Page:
A couple of things are painfully obvious for Gonzaga’s basketball team.
Every game between now and the end of the season – whenever that is in the NCAA Tournament – matters.
And the Zags, despite their 29-2 record and No. 3 national ranking, are going as far as their defense takes them. When they are precise on that end, they are dominant.
They were for one quick spurt in the second half of their Senior Night 86-76 win over visiting Saint Mary’s. That spurt caught the eye of Dave Flemming and Sean Farnham, the best duo ESPN puts on West Coast games.
What they saw …
• Saturday’s game, on ESPN2, was tied at 42 early in the second half. A little more than 3 minutes later the Zags were up 10. And it was a small defensive change Gonzaga made that changed everything.
Farnham caught it right away.
Admon Gilder, making a start on the only Gonzaga Senior Night he’s experienced, switched over to Jordan Ford, point guard and offensive engine for Saint Mary’s. When Ford made a pass, Gilder made sure he wouldn’t get it back. He shadowed him and made him a spectator. The rest of the Gaels seemed flummoxed.
“Until somebody steps up, they’re going to stay with this defense and go on a run,” Farnham said.
“No one else has stepped up these last four minutes for Saint Mary’s,” Flemming answered.
It worked for just long enough to give the Zags, who finished 15-1 in the West Coast Conference, the edge they needed.
• One of the better attributes of this crew is Farnham’s ability to point out the less flashy plays. And it doesn’t matter who makes them.
Corey Kispert took a charge midway through the first half while the Bulldogs were struggling on the defensive end. It helped turn up their effort on that end and excited Farnham.
“Corey Kispert is the heartbeat of this team,” the analyst said. “When you put yourself in that position and you take pride in the letters across the front of your jersey, you make plays like that. Those are winning plays.”
What we saw …
• At one point Farnham said, “Verne Harris doesn’t miss many calls.”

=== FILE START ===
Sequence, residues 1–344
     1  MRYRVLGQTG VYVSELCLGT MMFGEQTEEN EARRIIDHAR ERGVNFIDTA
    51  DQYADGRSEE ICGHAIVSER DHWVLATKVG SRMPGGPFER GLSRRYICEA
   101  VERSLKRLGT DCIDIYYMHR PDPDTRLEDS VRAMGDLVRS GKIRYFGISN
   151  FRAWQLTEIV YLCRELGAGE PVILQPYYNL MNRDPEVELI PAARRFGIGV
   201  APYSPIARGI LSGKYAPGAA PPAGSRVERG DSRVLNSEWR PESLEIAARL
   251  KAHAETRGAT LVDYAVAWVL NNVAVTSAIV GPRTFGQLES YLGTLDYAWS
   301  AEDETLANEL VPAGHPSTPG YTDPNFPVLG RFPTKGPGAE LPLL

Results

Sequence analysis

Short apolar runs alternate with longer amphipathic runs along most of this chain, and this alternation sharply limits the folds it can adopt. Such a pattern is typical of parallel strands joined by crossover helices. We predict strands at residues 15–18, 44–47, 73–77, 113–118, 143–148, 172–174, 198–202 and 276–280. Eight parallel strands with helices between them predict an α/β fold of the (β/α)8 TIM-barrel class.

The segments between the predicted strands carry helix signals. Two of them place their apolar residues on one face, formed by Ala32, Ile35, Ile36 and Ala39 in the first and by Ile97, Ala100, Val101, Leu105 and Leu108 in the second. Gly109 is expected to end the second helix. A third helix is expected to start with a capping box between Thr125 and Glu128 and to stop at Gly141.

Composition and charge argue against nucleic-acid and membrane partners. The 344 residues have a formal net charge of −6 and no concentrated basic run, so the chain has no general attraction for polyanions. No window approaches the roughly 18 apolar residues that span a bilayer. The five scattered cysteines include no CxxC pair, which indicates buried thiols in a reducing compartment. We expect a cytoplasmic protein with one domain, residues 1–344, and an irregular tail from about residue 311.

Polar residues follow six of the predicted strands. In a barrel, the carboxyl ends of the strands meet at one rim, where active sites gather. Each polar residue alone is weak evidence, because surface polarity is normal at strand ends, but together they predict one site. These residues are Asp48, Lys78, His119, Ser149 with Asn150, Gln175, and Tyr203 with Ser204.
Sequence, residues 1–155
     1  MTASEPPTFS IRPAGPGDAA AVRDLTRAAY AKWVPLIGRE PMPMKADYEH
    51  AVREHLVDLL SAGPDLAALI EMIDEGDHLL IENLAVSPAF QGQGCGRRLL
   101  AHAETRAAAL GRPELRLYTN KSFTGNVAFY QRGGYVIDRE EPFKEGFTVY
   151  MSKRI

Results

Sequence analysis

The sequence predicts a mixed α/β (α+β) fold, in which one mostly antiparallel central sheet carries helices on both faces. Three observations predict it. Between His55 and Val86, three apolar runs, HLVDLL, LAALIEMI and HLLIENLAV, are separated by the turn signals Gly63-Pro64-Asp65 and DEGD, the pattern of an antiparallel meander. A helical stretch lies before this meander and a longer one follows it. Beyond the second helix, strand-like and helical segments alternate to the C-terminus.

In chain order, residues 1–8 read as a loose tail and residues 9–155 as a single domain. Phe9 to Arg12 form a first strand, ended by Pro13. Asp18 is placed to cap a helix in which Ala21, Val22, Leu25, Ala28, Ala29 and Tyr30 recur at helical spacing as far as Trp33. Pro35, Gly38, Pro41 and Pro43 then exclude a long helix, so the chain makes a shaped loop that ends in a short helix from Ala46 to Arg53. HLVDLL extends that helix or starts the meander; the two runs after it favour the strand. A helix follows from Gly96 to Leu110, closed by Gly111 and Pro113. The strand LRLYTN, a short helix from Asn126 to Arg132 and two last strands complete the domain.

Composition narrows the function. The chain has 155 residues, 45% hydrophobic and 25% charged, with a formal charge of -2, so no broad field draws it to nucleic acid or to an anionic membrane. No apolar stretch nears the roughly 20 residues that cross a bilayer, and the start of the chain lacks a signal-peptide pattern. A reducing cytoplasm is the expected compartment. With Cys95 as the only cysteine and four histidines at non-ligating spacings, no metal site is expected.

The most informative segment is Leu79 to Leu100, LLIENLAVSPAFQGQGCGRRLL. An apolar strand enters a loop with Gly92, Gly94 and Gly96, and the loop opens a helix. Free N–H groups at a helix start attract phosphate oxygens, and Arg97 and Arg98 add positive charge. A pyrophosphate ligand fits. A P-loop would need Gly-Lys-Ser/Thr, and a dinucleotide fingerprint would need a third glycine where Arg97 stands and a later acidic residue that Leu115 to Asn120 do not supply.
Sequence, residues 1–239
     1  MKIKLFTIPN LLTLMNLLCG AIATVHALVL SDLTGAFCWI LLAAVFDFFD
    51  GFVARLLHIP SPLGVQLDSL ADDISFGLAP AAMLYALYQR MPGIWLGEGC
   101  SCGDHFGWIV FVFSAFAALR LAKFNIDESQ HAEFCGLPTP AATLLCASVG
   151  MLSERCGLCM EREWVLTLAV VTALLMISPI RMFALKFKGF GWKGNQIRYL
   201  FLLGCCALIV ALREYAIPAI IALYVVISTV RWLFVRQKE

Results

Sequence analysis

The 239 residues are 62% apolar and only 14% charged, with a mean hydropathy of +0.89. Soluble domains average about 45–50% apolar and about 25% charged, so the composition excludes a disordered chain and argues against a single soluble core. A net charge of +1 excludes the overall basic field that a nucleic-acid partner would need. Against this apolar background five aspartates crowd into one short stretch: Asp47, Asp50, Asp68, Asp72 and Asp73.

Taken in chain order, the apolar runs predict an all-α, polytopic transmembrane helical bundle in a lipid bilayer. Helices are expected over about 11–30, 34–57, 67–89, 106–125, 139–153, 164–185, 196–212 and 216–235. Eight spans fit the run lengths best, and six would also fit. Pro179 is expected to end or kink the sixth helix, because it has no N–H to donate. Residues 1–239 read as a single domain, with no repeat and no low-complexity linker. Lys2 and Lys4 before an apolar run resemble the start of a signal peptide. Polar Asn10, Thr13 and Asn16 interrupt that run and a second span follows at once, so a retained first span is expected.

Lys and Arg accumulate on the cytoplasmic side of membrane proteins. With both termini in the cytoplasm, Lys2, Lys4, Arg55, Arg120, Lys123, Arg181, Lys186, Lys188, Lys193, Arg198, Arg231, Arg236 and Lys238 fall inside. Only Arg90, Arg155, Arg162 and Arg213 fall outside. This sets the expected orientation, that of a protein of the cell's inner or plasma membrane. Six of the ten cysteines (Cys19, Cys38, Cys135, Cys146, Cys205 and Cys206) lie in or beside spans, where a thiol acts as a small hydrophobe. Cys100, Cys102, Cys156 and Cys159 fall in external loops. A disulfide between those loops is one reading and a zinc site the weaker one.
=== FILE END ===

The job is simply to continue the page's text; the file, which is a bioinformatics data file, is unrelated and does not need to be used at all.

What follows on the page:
Gonzaga fans who remember the national title game a couple of years back might disagree.
There was one call in this one, however, that neither Harris nor his two partners Randy McCall and Mike Reed – an all-star crew according to Flemming – saw and it was a dangerous miss.
Last Saturday, Filip Petrusev was knocked to floor by a forearm shiver from TJ Haws, a play Farnham highlighted and labeled as dirty. With 1 minute, 2 seconds left before halftime, Elijah Thomas did Haws one better, if it can be called that.
Petrusev, who finished with 27 points, was coming down the lane after setting a ball screen for Ryan Woolridge. Thomas, rising up to defend Kispert, was in the way. He threw his left shoulder directly into the chest of looking-the-other-way Petrusev. It knocked the post to the ground.
There was no whistle.
Flemming and Farnham, busy talking about the honk the horn makes – yes, that was the subject – missed it as well.
• We didn’t see the first 1 1/2 minutes on ESPN2, as the network was stuck covering the final minutes of San Diego State’s 83-76 win at Nevada. The network ran a box saying the game was streaming on the ESPN app, but that didn’t seem to be true.
By the time we joined the game, Ford had already scored the first two of his game-high 28 points.
The key matchup …
• If anyone made the difference between the start in Moraga, California, and the one Saint Mary’s enjoyed in Spokane, it was Ford. He scored 12 points in the first half, all in the first 11:16. With his push, the Gaels (24-7, 11-5) stayed with the Zags and were tied at 34 going into the locker room.
He was even better in the second half, except for the deciding stretch in which he didn’t get a shot. He ended up with 21 shots, including seven from long range.
Follow along with the Zags
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